Understanding Quantitative Momentum: Q&A with Alpha Architect

The prolific team at Alpha Architect are out with a new book called Quantitative Momentum:  A Practitioner’s Guide to Building a Momentum-Based Stock Selection System.  It is a wonderful book for anyone wanting to understand how to implement momentum-based strategies into his or her portfolio, or even just for those who simply want to understand better the concept of momentum investing.

Given that momentum investing has become more familiar even to casual investors, I asked our friends at Alpha Architect if they would take some time to answer some questions on momentum strategies.  Here below are their explanations:

LH:  In simplest terms, what is momentum, and how do you quantify or qualify it? 

Alpha Architect:  A momentum investing strategy involves investing in securities that have had the best performance over the past year. Here is a simple simulation study we have completed to show the performance from 1963 – 2013.

Momentum is measured as the total return of a security over a certain time period.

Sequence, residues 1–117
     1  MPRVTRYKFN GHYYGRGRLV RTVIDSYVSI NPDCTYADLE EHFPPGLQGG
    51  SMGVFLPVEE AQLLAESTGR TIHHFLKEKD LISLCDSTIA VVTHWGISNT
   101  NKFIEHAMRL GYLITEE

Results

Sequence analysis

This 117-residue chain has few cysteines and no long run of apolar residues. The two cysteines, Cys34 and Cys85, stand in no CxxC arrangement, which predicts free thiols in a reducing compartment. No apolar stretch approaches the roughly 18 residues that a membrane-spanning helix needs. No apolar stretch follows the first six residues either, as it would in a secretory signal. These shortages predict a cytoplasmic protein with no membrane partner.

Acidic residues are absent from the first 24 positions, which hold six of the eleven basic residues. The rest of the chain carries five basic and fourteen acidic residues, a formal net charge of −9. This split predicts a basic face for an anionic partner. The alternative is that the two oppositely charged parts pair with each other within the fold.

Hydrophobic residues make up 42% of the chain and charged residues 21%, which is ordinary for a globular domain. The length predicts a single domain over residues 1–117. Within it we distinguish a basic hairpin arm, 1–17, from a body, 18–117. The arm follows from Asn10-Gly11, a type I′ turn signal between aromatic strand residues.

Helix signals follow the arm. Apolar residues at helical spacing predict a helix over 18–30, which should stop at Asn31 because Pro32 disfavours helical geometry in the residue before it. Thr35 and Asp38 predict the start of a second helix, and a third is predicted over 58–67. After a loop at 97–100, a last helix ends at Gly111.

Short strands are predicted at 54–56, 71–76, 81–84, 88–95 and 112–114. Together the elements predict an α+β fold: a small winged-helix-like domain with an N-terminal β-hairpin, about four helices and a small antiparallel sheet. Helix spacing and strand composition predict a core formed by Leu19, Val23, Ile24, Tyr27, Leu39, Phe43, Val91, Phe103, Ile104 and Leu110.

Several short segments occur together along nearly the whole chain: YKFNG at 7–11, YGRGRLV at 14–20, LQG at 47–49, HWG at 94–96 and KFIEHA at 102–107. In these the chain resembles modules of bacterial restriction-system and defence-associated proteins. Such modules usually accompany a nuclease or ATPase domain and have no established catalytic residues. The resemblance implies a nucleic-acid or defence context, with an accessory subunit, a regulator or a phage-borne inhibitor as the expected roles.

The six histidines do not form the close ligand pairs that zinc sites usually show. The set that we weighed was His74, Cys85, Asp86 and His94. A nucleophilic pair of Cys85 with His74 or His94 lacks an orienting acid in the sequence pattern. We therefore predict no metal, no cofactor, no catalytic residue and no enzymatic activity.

Here is a simple example. Stock A (which does not pay a dividend) was worth $10.00 a year ago, and is worth $15.00 today while stock B (which also does not pay a dividend) was worth $10.00 a year ago, and is worth $5.00 today. Measuring their momentum (or total return) over the past year, stock A is up 50% and stock B is down 50%. If we only had a two stock universe (stock A and stock B), a momentum strategy would have an investor buy stock A as it was the best performing security over the past year.

An improvement to a simple momentum calculation would be to exclude the previous month return from the “momentum” calculation (as this mean reverts). Chapter 5 of our book, Quantitative Momentum, discusses basic momentum calculations in detail.

LH:  How is it different from trend?

Alpha Architect:  Momentum has two implementations for trading / investing strategies. Here are the two ways to measure and use “momentum.”

  1. Cross-sectional momentum: Originally referred to as “relative strength,” before academics developed a more jargon-like term, cross-sectional momentum is a measure of an stock’s performance, relative to other stocks. In the example above, we compare stock A to stock B, and invest in stock A since it had a higher performance relative to stock B.
  2. Time-Series Momentum: Sometimes referred to as “absolute momentum” or “trend,” time-series momentum is calculated based on a stock’s own past return, considered independently from the returns of other stocks. In the example above, we examine the total returns to stock A to stock B, and invest in stock A since its total return is above 0%, while we do no invest in stock B as its total return is below 0%. In this context, “trend” means to invest in a security / asset if the returns over the past year are positive (or above some base rate, such as the risk-free rate).